Federal Budget

Article byRutan Bhattacharyya
Reviewed byDheeraj Vaidya, CFA, FRM

What Is The Federal Budget?

The federal budget is an essential plan for a federal government’s projected spending and income for a specific fiscal year. It is the primary means of redistributing gross domestic product and national income to fulfill the requirements of economic growth.

Federal Budget

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It represents the objectives and activities of the government, thus reflecting debates surrounding multiple economic philosophies and historical debates. This budget is the source of the wages paid to federal contractors and employees and the equipment bought by the US military, among other endeavors. The compilation of this budget takes place every fiscal year.

Key Takeaways

  • The federal budget definition refers to a government estimate of the expenditure and revenue for a certain fiscal year. It helps the federal government set spending priorities and pay for them efficiently.
  • There are various federal budget challenges, for example, rebuilding the nation’s infrastructure and ensuring that the increasing medical expenses do not get out of hand.
  • Governments earn their revenue by levying taxes and import duties. Also, various countries earn income from state-owned companies.
  • The federal budget approval comes from the US Congress, and the president must sign it to release the money that funds every federal activity.

Federal Budget Process Explained

The federal budget definition refers to a financial plan that itemizes the public expenditure for the federal government every fiscal year, which begins on October 1 and ends on September 30 of the subsequent year. The US Congress gives federal budget approval, per the constitution of the US, and the president signs. Without the signature, utilizing the funds to meet the costs associated with federal activities is not possible.

The president asks every federal agency to submit budget requests, and the OMB or Office of Management and Budget compiles them. Then, the president submits their budget to Congress.

Typically, Congress uses it as a guideline to develop a budget resolution, which is then utilized to create appropriations bills, allocating funds for multiple government agency categories. The duration of the entire budget process is 18 months. This procedure came into existence in 1974 due to the Budget Control Act. However, one must remember that Congress does not always adhere to the schedule. When this happens, it keeps the government running until the approval of the budget by submitting a continuing resolution.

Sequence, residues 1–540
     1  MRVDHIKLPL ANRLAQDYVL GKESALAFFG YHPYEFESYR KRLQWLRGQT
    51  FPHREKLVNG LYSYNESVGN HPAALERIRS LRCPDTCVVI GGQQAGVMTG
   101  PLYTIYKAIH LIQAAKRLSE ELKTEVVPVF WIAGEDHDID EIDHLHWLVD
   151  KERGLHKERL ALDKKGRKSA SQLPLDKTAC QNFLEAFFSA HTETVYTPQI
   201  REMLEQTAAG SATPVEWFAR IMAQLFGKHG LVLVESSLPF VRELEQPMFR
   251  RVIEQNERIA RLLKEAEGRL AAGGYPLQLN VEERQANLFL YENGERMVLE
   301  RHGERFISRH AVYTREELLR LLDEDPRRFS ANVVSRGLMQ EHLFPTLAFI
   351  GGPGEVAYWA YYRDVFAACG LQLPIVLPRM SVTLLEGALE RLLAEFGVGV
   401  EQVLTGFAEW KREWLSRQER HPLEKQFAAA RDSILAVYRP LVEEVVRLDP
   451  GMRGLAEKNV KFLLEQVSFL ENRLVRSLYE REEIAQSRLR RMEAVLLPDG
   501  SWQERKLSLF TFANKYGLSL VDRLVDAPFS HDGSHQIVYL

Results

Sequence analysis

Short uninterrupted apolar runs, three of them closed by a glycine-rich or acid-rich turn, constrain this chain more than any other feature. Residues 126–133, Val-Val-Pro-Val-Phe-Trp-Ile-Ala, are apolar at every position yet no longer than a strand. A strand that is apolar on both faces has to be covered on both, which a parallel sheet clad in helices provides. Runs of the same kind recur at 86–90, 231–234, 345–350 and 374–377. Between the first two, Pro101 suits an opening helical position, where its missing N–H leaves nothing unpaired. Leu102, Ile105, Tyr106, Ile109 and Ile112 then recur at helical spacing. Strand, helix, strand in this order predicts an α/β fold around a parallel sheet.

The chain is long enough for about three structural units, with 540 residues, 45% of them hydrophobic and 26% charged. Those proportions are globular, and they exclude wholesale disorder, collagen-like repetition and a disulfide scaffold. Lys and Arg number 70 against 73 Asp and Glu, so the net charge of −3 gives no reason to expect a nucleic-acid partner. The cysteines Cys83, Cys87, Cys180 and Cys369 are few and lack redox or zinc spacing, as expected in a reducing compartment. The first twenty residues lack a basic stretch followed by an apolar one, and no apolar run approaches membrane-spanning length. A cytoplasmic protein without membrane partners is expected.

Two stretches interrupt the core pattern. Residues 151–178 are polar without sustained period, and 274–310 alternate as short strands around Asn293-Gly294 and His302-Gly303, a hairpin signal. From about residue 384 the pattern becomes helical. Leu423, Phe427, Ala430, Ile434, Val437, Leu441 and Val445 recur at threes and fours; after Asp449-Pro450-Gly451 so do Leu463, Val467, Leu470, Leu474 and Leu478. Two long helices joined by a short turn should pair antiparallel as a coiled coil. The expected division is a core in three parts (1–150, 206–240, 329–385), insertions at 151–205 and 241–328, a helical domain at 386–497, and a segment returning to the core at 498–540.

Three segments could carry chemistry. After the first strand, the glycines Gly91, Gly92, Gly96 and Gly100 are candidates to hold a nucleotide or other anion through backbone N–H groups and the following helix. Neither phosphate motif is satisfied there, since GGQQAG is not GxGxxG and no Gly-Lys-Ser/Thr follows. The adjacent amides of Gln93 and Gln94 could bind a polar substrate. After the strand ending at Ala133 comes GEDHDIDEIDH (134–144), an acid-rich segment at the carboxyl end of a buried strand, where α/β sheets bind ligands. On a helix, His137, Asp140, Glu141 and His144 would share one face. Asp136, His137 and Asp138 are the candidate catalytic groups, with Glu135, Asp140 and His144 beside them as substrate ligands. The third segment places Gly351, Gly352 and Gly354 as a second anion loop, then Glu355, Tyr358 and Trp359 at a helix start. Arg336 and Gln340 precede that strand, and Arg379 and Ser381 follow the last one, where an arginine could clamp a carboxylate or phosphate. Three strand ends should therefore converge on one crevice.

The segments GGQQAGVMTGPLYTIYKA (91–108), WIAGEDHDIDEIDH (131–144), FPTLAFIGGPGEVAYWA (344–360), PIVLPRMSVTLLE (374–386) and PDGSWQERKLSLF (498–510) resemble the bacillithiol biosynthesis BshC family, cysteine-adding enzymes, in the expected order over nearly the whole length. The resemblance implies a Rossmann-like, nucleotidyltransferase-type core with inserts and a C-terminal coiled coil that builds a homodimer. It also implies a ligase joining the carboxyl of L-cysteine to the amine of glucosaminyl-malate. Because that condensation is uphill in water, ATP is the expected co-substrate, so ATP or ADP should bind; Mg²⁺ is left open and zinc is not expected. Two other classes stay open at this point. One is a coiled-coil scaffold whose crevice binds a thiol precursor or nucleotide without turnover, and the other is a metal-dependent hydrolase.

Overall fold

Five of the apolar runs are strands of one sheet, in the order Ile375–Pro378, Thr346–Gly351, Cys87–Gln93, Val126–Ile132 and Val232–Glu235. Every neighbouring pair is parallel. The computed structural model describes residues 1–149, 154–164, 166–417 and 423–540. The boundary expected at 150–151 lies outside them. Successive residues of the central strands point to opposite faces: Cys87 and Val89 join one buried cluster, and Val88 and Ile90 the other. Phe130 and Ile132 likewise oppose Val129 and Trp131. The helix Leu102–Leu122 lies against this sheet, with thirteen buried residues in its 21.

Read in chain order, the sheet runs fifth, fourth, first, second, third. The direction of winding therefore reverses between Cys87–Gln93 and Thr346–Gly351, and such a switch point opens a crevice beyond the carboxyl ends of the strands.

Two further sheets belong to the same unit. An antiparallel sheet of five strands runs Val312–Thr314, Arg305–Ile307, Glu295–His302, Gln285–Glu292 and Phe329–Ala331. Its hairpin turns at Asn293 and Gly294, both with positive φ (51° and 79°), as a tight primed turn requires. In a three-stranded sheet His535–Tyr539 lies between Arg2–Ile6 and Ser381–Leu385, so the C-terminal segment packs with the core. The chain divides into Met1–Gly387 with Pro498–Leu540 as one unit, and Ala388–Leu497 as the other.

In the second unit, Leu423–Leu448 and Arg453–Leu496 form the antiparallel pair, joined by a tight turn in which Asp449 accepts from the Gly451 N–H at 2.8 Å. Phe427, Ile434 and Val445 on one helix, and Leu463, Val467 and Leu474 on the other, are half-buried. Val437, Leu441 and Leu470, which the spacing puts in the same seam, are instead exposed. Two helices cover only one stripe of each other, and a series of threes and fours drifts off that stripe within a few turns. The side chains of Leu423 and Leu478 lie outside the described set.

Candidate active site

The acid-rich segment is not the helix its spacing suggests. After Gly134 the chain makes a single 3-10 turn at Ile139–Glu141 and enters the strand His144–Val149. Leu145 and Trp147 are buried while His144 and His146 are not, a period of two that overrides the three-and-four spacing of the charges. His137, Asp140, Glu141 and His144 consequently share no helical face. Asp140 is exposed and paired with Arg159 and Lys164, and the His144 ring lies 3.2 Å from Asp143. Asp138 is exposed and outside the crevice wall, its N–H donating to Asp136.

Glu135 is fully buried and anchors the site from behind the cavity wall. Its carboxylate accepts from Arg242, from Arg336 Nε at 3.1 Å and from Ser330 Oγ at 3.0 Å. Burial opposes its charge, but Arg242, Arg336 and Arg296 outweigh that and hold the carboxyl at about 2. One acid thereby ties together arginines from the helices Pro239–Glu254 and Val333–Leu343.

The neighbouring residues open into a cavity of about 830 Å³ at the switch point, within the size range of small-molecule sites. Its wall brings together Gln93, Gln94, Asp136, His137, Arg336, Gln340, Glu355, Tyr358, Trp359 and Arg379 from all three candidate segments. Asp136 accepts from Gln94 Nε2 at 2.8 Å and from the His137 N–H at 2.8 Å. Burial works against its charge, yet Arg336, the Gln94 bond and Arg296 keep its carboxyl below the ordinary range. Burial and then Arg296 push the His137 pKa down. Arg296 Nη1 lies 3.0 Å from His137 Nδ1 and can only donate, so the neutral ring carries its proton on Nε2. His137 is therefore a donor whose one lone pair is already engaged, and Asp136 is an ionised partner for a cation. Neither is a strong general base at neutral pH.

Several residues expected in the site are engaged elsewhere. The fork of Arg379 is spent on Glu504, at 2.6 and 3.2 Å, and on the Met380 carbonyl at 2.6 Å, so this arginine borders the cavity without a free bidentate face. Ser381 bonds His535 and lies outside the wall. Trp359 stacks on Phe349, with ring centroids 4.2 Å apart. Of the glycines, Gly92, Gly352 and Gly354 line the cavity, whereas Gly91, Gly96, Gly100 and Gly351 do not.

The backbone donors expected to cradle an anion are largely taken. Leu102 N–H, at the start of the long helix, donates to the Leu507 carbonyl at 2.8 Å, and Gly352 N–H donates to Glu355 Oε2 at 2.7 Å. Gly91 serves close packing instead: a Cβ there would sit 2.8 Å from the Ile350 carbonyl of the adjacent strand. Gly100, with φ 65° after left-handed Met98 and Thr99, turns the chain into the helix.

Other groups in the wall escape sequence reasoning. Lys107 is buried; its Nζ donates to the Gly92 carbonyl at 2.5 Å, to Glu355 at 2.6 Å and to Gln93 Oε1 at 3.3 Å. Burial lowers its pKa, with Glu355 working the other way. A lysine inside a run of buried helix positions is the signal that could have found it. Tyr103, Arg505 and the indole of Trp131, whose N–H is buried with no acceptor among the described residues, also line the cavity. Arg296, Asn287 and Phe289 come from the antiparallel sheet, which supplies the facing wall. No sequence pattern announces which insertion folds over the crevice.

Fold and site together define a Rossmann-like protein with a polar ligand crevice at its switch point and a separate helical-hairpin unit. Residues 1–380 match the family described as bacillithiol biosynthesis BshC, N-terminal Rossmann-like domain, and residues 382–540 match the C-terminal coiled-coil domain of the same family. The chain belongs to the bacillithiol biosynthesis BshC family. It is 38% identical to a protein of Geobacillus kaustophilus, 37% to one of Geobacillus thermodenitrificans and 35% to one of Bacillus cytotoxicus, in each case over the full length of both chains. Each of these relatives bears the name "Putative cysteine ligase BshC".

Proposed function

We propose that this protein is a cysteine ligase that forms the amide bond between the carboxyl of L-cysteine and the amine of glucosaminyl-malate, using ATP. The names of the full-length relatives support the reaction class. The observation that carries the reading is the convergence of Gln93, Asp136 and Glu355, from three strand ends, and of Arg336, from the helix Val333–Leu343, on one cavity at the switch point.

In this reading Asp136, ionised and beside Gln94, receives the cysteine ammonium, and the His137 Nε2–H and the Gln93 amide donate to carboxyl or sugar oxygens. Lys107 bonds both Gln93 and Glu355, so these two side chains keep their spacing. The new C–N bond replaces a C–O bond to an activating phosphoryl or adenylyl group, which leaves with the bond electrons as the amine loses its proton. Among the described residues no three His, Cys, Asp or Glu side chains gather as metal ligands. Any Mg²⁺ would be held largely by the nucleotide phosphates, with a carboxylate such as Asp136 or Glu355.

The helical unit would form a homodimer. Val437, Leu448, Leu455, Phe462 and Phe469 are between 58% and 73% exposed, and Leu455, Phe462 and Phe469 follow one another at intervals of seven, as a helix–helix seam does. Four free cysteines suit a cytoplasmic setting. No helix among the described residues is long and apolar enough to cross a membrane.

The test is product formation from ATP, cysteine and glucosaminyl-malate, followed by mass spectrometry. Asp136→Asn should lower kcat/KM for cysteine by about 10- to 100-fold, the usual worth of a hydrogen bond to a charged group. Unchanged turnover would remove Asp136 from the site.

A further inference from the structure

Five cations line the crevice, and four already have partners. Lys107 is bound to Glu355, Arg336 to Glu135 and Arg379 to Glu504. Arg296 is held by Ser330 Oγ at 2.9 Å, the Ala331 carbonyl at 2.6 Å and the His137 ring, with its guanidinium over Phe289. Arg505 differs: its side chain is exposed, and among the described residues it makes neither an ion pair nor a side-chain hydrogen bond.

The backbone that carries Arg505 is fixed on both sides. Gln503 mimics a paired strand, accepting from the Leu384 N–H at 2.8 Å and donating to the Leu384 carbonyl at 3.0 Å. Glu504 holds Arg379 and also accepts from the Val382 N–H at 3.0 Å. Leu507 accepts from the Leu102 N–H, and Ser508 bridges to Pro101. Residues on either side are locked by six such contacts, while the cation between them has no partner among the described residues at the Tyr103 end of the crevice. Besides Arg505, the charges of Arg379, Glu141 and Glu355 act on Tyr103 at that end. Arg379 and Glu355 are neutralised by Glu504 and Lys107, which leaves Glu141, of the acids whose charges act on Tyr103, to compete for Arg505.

Federal budget expenditures are of two types — mandatory and discretionary spending. The former includes entitlement programs, for example, Social Security, and is stipulated by law. These expenses are permanent appropriations.

On the other hand, individual appropriation bills must approve discretionary spending. Congress must set the discretionary spending levels annually and fund all expenses for managing every government activity and agency. This type of expenditure is a part of the government’s fiscal policy. Moreover, it contrasts with compulsory programs, where individuals have the legal right to claim benefits if they are eligible.

In some nations, the expenditure category has a third component, interest on the national debt. This is the cost governments incur for taking on debt.

Most governments, including the US federal government, earn revenue through the imposition of taxes. The taxes include the ones levied on business earnings, family income, and imports, for example, tariffs and customs duties. This is a non-operating expense that one can find on the income statement. It represents the overall interest due on borrowings, for example, a line of credit, loan, bonds, etc.